These tea parties have been the object of some criticism and have been called frivolous. My friend Jodi was a critic but changed her mind. Here is an article she wrote about the tea parties.

"I have shared with some that my first reaction to the tea parties held for widows in Uganda--well--I just didn't get it. I thought. . . these ladies need food, medicine, beds,etc. Seriously--lipstick, nail polish? How are these things important in their lives? Well, I have changed my mind based on the witness of the people involved and have seen the hope & dignity this time with the widows brings.
Yesterday I was reading a book, Sex God--Exploring the Endless Connections Between Sexuality & Spirituality. Hey. I bought it at church. . .
There was a story about a concentration camp in Germany where a British soldier described the disgusting, tragic conditions that they encountered while liberating a camp called Bergen-Belsen. The horrors he saw designed to strip people of their humanity was unbelievable. He said: "It was shortly after the British Red Cross arrived, though it may have no connection, that a very large quantity of lipstick arrived. This was not at all what we wanted , we were screaming for hundreds & thousands of other things and I don't know who asked for lipstick. I wish so much that I could discover who did it. It was an action of genius, sheer unadulterated brilliance. I believe nothing did more for those internees than the lipstick. Women lay in bed with no sheets & no nightie but with scarlet red lips, you saw them wandering about with nothing but a blanket over their shoulders, but with scarlet red lips. I saw a woman dead on the postmortem table and clutched in her hand was a piece of lipstick. At last someone had done something to make them individuals again, they were someone, no longer merely the number tattooed on the arm. at last they could take an interest in their appearance. That lipstick started to give them back their humanity.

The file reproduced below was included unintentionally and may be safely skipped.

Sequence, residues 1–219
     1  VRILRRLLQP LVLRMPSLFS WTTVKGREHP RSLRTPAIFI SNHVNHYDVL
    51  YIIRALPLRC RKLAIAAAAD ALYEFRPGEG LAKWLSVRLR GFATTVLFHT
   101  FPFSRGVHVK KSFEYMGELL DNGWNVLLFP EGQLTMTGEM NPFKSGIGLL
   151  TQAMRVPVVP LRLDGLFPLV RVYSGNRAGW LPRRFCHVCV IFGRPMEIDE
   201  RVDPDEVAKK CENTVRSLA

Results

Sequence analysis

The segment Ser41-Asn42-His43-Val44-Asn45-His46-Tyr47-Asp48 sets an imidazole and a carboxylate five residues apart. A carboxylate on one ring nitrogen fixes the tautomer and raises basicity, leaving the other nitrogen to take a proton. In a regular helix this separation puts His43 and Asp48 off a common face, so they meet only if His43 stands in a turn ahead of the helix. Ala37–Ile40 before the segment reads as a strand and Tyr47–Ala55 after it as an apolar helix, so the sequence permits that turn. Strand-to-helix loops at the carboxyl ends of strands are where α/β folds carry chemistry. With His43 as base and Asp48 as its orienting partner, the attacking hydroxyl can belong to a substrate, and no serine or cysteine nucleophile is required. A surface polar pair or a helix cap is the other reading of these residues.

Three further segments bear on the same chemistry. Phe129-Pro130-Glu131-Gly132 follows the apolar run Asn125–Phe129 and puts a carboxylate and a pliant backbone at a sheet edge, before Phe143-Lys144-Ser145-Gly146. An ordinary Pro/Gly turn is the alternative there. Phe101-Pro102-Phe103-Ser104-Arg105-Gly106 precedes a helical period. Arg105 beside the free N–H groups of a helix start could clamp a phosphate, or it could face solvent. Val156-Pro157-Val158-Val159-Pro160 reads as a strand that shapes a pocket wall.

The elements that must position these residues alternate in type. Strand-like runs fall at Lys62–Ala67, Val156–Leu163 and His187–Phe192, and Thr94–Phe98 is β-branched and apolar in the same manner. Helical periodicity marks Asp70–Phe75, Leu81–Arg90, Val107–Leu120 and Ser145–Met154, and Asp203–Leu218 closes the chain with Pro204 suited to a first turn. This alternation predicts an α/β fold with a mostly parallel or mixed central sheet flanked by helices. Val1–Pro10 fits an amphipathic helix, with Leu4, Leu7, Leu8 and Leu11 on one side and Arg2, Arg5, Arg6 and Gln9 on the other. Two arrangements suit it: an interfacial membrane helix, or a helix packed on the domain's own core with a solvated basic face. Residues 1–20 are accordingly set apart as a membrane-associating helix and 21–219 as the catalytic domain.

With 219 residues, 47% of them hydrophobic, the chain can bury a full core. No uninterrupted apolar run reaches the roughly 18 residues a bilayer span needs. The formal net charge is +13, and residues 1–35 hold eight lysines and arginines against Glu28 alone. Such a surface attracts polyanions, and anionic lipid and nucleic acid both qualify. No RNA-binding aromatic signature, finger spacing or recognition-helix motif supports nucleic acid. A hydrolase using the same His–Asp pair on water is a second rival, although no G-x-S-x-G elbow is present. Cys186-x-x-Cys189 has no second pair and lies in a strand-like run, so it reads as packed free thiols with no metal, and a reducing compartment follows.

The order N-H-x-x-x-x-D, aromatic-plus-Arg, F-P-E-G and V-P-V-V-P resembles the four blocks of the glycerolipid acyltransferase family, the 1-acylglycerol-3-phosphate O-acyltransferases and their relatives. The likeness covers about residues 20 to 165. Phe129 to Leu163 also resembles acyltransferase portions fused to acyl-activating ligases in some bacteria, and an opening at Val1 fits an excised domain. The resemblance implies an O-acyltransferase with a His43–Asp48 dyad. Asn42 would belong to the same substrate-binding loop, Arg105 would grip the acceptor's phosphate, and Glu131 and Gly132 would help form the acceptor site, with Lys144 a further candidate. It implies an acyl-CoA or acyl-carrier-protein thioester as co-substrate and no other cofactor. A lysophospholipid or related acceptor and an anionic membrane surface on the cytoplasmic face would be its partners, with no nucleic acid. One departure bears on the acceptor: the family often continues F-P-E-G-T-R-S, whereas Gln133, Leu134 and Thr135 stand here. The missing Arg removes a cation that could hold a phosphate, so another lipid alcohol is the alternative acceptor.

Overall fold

Because sometimes, the difference between heaven & hell, may be a bit of lipstick." Wow! So, when you see pictures of us loving on these women & putting otherwise frivolous cosmetics on them, just remember that we are a part of this--We will be meeting their needs of food, shelter, etc. but, first & foremost, we will be reminding them that they are human beings! They are not objects or numbers in the vast expanse of widows in Uganda that appear to be forgotten by the world. They are beautiful children of God. Created by Him in His image!